Southern Madagascar on Brink of Famine, Warns WFP
ANTANANARIVO, MADAGASCAR – The unrelenting drought in southern Madagascar is forcing hundreds of thousands of people to the brink of famine, warns the United Nations World Food Programme (WFP). With acute malnutrition rates continuing to rise, urgent action is required to address this unfolding humanitarian crisis.
Most districts in the South are in the grip of a nutrition emergency with Global Acute Malnutrition (GAM) in children under five almost doubling over the last four months, touching an alarming 16.5 percent, as per a recent assessment conducted by the Ministry of Health. Worst affected is the district of Ambovombe where GAM has crossed 27 percent, putting the lives of many children at risk. Children with acute malnutrition are four times more likely to die than healthy children.
“The scale of the catastrophe is beyond belief. If we don’t reverse this crisis, if we don’t get food to the people in the south of Madagascar, families will starve and lives will be lost,” said the U.N. World Food Programme’s Senior Director of Operations, Amer Daoudi who today visited one of the worst affected areas, Sihanamaro, accompanied by a high-level delegation of ambassadors and senior government officials.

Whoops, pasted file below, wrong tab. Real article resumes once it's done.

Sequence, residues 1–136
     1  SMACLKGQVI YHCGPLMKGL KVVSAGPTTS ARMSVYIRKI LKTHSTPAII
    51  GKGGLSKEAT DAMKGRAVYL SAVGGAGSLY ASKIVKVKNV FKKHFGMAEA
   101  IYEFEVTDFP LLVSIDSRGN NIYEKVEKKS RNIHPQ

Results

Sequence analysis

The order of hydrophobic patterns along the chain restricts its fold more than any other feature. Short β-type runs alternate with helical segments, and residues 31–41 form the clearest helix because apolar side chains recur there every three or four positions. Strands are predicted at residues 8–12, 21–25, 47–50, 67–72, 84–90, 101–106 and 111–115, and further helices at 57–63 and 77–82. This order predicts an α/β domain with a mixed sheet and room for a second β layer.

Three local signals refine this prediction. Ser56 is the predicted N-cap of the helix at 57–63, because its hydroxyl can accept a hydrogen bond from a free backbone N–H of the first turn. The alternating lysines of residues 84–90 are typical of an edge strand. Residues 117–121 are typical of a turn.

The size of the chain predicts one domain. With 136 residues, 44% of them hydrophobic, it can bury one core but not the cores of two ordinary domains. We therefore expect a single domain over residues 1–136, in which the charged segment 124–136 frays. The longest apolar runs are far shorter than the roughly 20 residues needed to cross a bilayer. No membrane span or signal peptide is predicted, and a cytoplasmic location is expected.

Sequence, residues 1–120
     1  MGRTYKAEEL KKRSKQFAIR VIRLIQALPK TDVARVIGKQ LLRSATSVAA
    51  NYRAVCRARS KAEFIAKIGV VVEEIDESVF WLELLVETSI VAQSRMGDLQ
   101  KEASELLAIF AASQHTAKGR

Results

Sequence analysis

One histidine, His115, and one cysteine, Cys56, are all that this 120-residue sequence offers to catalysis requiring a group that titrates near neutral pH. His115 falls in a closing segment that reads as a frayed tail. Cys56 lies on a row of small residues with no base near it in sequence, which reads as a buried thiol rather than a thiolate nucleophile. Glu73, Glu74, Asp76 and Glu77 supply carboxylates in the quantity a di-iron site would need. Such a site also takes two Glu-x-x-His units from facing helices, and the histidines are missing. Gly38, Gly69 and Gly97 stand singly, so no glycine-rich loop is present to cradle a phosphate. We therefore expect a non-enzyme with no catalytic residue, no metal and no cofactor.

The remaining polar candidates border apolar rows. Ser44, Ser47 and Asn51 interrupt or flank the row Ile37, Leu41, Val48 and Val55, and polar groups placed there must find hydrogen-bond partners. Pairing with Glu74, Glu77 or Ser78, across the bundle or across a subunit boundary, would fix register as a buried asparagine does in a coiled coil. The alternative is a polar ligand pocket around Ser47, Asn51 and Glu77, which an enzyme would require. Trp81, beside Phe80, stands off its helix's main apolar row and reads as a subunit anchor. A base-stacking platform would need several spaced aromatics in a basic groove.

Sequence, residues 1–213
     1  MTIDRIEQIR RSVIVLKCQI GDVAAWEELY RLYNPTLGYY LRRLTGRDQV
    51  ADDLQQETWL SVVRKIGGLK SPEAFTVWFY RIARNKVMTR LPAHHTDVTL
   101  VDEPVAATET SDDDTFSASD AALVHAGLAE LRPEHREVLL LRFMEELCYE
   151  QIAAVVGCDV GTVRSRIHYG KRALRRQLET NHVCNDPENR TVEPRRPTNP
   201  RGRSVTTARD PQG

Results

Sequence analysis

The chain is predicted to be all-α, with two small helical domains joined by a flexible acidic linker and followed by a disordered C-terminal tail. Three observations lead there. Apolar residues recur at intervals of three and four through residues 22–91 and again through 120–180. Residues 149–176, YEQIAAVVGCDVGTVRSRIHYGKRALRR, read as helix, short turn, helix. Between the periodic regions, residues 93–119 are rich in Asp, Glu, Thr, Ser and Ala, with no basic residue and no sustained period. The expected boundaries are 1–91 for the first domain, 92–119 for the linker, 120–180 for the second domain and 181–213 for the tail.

“We have witnessed heartbreaking scenes of severely malnourished children and starving families. We need the money and resources now to help the people of Madagascar.”
The U.N. World Food Programme needs $74 million for the next six months to save the lives in southern Madagascar and prevent a catastrophe. Following alarm calls received from Amboasary district on the severity of the food crisis, the U.N. World Food Programme has been progressively assisting up to 750,000 people through food and cash distributions each month.
Consecutive years of drought in the South have left at least 1.35 million people in need of emergency food and nutrition assistance. The situation has been critical since September 2020, the start of the lean season when families had already depleted their food supplies and eaten their vital seed stocks, leaving nothing for the November/December 2020 planting season. Currently, up to 80 percent of the population in certain areas in the south is resorting to desperate survival measures such as eating locusts, raw red cactus fruits or wild leaves.
The 2021 harvest prospects are poor, with the failure of the rains during the last planting season indicating another failed harvest and as a result a longer tougher lean season (from October 2021 to March 2022). Food production in 2021 is expected to be less than 40 percent of the last five-year average, making it harder for communities on the brink of survival to feed themselves.
Semi-arid conditions in southern Madagascar, combined with high levels of soil erosion, deforestation and unprecedented drastic sandstorms, have covered croplands and pasture with sand and transformed arable land into wasteland across the region.
Please find images of the situation in southern Madagascar here.
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